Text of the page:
By Antonella Pedley
My maternal grandmother came from a wealthy family. Her Hungarian ancestors moved from Slovakia to Transylvania and worked hard to establish themselves. Soon the family owned a huge orchard, vineyards, land, and a beautiful house. The orchard was especially productive. One year the family business won an award in a produce exhibition with apples the size of medium cabbage heads.
Grandma’s father inherited the family business, but he loved friends, alcohol, and gambling. Little by little, money left the family treasury. Then one evening, during a gambling binge, Great-Grandfather signed as surety for a gambling buddy. He pledged about 90 percent of his property. Great-Grandpa’s friend lost the game, and the family lost most of their property.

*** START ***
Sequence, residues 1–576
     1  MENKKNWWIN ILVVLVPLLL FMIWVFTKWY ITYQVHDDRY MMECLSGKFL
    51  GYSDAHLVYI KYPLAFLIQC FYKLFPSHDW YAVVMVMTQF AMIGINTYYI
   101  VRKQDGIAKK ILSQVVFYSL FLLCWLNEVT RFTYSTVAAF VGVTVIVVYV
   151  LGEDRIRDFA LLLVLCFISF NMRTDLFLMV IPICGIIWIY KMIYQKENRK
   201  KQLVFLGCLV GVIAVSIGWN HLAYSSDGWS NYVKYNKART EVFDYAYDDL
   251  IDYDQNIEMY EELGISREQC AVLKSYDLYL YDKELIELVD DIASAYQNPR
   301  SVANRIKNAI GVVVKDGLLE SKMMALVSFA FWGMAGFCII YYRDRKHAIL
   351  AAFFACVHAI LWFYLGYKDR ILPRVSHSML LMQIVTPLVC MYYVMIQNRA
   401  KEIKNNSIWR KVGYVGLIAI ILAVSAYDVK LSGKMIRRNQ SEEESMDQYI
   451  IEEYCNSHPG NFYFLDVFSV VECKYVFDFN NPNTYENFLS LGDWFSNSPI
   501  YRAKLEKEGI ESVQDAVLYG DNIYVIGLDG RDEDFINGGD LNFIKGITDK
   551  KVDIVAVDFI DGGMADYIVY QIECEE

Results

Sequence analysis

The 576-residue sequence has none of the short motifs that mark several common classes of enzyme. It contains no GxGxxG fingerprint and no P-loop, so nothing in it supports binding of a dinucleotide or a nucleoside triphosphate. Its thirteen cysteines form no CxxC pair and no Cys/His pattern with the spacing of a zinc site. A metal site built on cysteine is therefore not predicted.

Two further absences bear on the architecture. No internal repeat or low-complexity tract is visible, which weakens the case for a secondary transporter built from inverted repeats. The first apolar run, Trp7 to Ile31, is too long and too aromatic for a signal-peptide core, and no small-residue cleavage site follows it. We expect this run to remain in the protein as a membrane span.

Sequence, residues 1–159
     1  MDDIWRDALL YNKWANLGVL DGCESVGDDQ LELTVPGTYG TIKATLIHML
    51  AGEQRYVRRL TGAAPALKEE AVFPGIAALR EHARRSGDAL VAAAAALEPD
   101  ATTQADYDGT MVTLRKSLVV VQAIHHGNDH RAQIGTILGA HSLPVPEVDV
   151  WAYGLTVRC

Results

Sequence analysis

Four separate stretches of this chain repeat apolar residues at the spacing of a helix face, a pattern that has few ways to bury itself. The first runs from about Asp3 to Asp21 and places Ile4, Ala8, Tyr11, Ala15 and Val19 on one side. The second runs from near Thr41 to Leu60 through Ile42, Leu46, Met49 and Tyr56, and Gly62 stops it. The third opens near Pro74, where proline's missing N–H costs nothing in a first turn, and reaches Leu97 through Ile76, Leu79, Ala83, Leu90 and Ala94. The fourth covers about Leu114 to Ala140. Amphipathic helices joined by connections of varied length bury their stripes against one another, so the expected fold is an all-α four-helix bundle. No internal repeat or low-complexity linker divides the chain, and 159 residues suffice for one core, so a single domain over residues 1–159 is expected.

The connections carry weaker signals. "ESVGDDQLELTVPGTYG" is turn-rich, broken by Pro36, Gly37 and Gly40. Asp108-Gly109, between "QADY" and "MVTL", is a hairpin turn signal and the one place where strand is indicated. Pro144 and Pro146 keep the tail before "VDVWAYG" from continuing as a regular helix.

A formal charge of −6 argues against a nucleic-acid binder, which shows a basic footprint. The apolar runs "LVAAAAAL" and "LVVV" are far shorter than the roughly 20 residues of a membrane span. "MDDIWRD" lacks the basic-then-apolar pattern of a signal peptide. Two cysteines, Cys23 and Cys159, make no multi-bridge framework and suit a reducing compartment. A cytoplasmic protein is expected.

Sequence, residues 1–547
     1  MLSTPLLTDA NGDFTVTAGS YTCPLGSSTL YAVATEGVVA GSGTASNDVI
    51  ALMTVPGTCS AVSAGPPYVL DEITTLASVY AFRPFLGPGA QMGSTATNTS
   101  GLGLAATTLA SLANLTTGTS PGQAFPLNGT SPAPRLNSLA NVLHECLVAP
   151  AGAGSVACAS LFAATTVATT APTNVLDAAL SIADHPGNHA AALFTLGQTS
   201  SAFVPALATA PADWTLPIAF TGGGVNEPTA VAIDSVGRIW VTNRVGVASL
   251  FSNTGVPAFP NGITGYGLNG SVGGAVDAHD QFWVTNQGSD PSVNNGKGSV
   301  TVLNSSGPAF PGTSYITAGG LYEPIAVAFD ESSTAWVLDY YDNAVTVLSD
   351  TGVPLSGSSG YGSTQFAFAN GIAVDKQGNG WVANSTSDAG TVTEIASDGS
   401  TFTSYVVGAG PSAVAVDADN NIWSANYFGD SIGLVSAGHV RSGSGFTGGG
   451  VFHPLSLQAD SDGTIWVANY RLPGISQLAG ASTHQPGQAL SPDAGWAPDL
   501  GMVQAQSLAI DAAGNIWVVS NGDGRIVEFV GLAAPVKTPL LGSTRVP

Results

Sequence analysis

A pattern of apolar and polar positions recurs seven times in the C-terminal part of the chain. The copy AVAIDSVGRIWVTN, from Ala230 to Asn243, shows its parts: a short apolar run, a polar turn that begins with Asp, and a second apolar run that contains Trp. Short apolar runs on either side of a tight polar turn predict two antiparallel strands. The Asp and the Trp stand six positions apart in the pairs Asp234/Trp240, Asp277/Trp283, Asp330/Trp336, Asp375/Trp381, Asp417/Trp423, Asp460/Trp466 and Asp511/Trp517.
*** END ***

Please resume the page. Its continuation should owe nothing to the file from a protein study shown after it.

Years passed, and Grandma now had her own family. As a pastor’s wife during World War II, she learned to make the little bit they had go a long way. Famine
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Antonella Pedley was associate editor of Last Generation magazine when she wrote this article. She now lives in Sweden with her husband, Daniel, and their two children.